Reverend Mary J: So Brunswick County is just like every other county in the country. We have a drug problem here. And so we have families where the adults are caught up in drugs, and the children are suffering, because of that, no fault of their own. They just happened to be in a family where the adults are caught up in the addiction of drugs or alcohol. We have Hispanic families who have come from perhaps very dangerous places, and they’re trying to help their children to find a better life. They are working very hard. But sometimes they’re limited in language. And they need help to be able to help their children to learn the language and to become a part of this community, then we have just the working poor who are so struggling with jobs that don’t provide a livable wage, and so they’re working multiple jobs. And so the children get left out of that equation sometimes, because the parents are just working themselves to death, frankly.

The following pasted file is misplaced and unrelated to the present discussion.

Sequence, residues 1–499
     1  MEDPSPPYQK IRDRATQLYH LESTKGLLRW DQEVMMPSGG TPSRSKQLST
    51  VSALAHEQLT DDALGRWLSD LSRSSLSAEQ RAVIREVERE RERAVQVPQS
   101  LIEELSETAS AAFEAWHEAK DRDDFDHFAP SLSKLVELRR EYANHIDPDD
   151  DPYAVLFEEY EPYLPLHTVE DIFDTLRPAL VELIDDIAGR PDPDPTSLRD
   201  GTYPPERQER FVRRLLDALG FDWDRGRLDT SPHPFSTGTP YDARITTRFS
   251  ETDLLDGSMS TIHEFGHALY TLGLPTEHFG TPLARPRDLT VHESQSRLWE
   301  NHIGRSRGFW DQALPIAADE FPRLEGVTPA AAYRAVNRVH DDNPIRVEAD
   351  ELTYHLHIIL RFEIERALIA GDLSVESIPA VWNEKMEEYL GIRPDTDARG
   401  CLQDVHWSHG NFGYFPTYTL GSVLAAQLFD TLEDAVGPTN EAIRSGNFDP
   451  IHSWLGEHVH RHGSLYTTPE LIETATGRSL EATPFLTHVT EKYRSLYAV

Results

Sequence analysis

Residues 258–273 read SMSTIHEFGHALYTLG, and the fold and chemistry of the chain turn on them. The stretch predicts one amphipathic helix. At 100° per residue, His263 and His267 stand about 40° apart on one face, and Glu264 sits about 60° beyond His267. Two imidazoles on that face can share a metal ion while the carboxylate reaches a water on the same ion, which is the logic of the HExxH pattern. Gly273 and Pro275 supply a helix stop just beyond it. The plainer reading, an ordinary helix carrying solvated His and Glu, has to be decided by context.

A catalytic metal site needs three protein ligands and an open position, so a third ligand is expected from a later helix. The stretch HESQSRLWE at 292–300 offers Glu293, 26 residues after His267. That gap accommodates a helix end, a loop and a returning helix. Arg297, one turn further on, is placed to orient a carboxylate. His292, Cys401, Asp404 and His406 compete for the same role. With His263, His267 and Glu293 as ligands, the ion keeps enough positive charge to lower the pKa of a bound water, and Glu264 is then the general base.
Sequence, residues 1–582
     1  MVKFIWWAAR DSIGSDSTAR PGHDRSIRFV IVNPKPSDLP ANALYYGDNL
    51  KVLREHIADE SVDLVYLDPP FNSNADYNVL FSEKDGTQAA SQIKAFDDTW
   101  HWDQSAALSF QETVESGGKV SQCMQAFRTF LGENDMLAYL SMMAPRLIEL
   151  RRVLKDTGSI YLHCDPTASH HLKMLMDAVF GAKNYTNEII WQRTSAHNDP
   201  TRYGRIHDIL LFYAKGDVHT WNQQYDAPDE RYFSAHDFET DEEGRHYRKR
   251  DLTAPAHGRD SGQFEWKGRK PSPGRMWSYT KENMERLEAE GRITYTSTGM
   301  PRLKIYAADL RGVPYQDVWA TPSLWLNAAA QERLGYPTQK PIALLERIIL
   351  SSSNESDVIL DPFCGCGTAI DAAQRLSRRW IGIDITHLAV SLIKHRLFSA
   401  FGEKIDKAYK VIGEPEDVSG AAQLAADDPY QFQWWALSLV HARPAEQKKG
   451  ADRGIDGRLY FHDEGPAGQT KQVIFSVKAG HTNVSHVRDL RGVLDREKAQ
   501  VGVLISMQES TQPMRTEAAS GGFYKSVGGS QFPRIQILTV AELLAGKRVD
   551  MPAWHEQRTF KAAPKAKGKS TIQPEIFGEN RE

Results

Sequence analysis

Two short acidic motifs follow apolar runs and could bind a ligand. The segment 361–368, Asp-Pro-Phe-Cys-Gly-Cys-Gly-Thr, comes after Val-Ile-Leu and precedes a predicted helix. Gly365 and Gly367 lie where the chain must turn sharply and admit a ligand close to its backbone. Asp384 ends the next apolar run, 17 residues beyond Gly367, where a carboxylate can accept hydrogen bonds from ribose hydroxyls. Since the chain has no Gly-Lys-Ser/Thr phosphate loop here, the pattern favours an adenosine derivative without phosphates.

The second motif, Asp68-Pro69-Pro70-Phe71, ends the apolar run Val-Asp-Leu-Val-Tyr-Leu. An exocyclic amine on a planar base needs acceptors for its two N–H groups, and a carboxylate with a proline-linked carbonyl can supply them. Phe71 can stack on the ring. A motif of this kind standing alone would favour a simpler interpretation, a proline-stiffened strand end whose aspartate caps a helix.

Bobby Rettew: So it’s at the end of the school year, the kids are out of school now, and they go home and they’re back in an environment that doesn’t promote literacy. And we’ve seen the research, let’s talk about the research a little bit, the summer slide.
Reverend Mary J: Yes.
Bobby Rettew: Talk about the summer slide for children regardless of socio-economic situations. But then let’s put it into context of this. Talk about the summer slide.